Home First Aid Treatments
If your pet has a medical emergency, please see our Emergency Care page for more information.
This information is meant as a guide for an urgent or late-night situation. It is not meant to replace examinations, diagnoses, and/or treatments performed or dispensed by a veterinarian. These treatments are generally safe when administered as described, but may not be appropriate in every case. Use this information at your own discretion, and if you are uncertain, please contact a veterinarian before performing any treatment.
Remove food and water. Do not give anything by mouth for 4 hours, then offer small amounts of Pedialyte, Gatorade, or water. While withholding food, dogs under 10 pounds or 4 months of age can be given a teaspoon of honey, corn syrup, or maple syrup every 2 hours to help prevent hypoglycemia (low blood sugar). If your dog or cat is able to keep liquids down for 4-6 hours, slowly reintroduce food in small amounts. Bland foods such as plain white or brown rice, boiled chicken, and cottage cheese may be better to start with than your pet’s regular food. If vomiting does not improve after 24 hours, please contact your veterinarian.
Additionally, dogs can be given Pepto Bismol or Kaopectate (do not give either Pepto Bismol or Kaopectate to cats). Give 1 teaspoon per 5 pounds body weight or 1 tablespoon per 15 pounds body weight every 2 hours. If vomiting does not improve after 4 doses, please contact your veterinarian.
Dogs can be given Pepto Bismol or Kaopectate (do not give either Pepto Bismol or Kaopectate to cats). Give 1 teaspoon per 5 pounds body weight or 1 tablespoon per 15 pounds body weight every 2 hours. If diarrhea does not improve after 4 doses, please contact your veterinarian.
Dogs and cats can be given Dulcolax for constipation. Give 1 tablet by mouth every 8 hours, but no more than 4 doses. Additionally, Benefiber or plain canned pumpkin can be mixed with food. Give 1 teaspoon per 20 pounds body weight. If your pet is unable to have a bowel movement within 24 hours, please contact your veterinarian.
Dogs can be given aspirin as an emergency pain medication. Be sure to use buffered aspirin formulations as these are safer for a dog’s stomach. Give 1 regular strength tablet (325mg) per 60 pounds body weight every 12 hours. If giving baby aspirin (81mg), give 1 tablet per 15 pounds every 12 hours. If your dog needs more than 2 doses of aspirin, please contact your veterinarian. Do not give aspirin to your dog if it has a history of liver, kidney, or gastrointestinal disease or problems with clotting. Contact your veterinarian for recommendations. Aspirin can cause side effects, such as vomiting, diarrhea, and bleeding. There are usually better veterinary medications for pain control than aspirin, so please contact your veterinarian as soon as possible to discuss these options.
Never give cats any over-the-counter pain medications. Never give dogs or cats acetaminophen (Tylenol), ibuprofen (Advil, Motrin, Midol), or naproxen (Aleve, Midol).
Dogs can be given Robitussin DM for mild coughing. Give 1ml per 2 pounds body weight, 1 teaspoon per 10 pounds, or 1 tablespoon per 30 pounds every 4 hours, but not more than 3 doses. If coughing does not subside after 3 doses, please contact your veterinarian.
Symptoms of an allergic reaction in dogs and cats may include excessive itching, swollen face, puffy eyes, hives, or vomiting. Dogs and cats can be given Benadryl (diphenhydramine) for allergic reactions. Give 1mg per pound every 8-12 hours. If your dog or cat continues to swell up or begins to have difficulty breathing, please contact your veterinarian immediately. If the reaction occurred after a vaccination, please notify your veterinarian so that precautions can be taken with future vaccinations.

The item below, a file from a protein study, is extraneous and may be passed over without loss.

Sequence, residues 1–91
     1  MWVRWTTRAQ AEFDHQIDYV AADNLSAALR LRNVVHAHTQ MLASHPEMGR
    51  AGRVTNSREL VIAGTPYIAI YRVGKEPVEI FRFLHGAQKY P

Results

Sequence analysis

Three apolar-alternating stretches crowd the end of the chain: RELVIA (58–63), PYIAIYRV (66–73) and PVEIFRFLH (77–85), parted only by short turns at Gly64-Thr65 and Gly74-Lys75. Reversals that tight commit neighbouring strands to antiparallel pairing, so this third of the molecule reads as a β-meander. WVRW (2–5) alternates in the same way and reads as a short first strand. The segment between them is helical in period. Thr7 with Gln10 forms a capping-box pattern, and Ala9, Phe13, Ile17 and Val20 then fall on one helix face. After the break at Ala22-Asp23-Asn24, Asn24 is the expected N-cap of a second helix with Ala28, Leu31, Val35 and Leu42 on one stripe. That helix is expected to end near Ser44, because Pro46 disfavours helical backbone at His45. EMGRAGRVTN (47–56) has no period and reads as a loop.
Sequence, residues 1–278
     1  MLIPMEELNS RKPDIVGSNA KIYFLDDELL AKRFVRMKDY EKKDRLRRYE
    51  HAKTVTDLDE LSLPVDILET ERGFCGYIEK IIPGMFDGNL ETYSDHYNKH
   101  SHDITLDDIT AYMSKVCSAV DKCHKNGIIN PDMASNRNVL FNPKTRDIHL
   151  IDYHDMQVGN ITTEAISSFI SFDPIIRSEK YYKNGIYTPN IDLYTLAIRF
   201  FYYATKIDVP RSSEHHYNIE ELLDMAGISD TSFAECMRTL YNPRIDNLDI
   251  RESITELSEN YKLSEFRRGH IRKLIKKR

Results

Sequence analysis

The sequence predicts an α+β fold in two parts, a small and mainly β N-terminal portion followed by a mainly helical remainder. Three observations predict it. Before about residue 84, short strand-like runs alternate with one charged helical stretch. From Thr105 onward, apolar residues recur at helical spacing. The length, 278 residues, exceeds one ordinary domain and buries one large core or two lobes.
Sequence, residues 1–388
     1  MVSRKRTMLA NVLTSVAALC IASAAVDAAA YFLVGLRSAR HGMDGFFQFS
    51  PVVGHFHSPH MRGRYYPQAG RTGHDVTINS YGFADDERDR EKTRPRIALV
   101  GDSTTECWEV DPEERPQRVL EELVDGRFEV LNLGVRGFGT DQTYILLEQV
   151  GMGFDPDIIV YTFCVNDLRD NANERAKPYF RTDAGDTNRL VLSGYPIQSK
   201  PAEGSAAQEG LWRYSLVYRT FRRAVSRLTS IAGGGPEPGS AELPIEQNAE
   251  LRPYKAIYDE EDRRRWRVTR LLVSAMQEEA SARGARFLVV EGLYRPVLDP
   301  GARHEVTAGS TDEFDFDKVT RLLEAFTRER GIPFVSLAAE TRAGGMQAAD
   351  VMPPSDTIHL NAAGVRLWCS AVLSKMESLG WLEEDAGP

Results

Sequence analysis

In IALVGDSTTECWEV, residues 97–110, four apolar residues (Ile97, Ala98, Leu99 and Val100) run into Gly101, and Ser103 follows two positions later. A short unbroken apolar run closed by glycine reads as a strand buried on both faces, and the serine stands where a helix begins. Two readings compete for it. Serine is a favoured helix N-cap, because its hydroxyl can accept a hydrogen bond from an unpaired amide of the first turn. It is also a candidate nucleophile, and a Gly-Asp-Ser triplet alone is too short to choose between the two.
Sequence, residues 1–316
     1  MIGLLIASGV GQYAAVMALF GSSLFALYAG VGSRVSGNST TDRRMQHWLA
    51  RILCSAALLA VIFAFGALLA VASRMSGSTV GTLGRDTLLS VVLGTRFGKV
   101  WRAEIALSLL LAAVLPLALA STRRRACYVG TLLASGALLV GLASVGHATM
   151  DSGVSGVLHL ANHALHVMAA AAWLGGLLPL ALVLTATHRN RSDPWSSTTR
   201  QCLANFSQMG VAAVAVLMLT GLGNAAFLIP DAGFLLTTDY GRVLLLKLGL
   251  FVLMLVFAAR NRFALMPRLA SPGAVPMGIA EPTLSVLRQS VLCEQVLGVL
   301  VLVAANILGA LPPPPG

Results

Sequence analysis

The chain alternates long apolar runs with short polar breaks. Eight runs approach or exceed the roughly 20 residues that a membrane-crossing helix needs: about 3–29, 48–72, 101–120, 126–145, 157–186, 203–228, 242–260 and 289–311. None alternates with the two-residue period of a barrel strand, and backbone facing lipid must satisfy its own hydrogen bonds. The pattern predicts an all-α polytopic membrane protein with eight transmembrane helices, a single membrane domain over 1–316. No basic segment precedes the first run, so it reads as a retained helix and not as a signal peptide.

Apply 1% hydrocortisone cream to the affected area no more than once every 4 hours. Rub in well. If the rash lasts more than 24 hours, increases in size, or if there is broken skin or bleeding from excessive licking or scratching, please contact your veterinarian.
Red or Runny Eyes
Use normal saline ophthalmic solution (such as regular contact solution, not hydrogen peroxide) to flush the eyes. Apply 2-3 drops every 4 hours. If the eyes remain red for more than 24 hours, or if they become painful (squinting, sensitivity to light, etc), please contact your veterinarian.
Do not use any solution containing steroids (dexamethasone, hydrocortisone) unless directed by a veterinarian.
Apply direct pressure to wounds to stop any bleeding. Bandage lightly if possible. Triple antibiotic ointments, such as plain Neosporin, are safe for dogs and cats and can be applied to wounds. Most cuts and lacerations can be sutured satisfactorily up to 12 hours after the injury.
If bleeding does not stop after 10 minutes of applying constant pressure, take the animal immediately to a veterinarian. For deeper wounds or infected wounds, please contact your veterinarian.
In the case of a seizure, it is important to remain calm so as not to further stress your pet. Reduce the lighting and environmental noise, turn your pet on their side, and place them on something soft until the seizure stops (usually 1-3 minutes). Do not place your fingers in or near the animal’s mouth. They will not swallow their tongue, and you could accidentally be injured. Try to time the length of your pet’s seizure using a watch or clock with a second hand. Please contact a veterinarian as soon as possible. Consider keeping a journal of your pet’s seizure activity. If a seizure continues for more than 5 minutes, take the animal immediately to a veterinarian.
Ingestion of a Toxin or Non-food Item
ONLY INDUCE VOMITING AT THE DIRECTION OF A VETERINARIAN OR POISON CONTROL CENTER.
Certain substances or items can cause more damage if your pet is induced to vomit. Please contact your veterinarian or a poison control center immediately.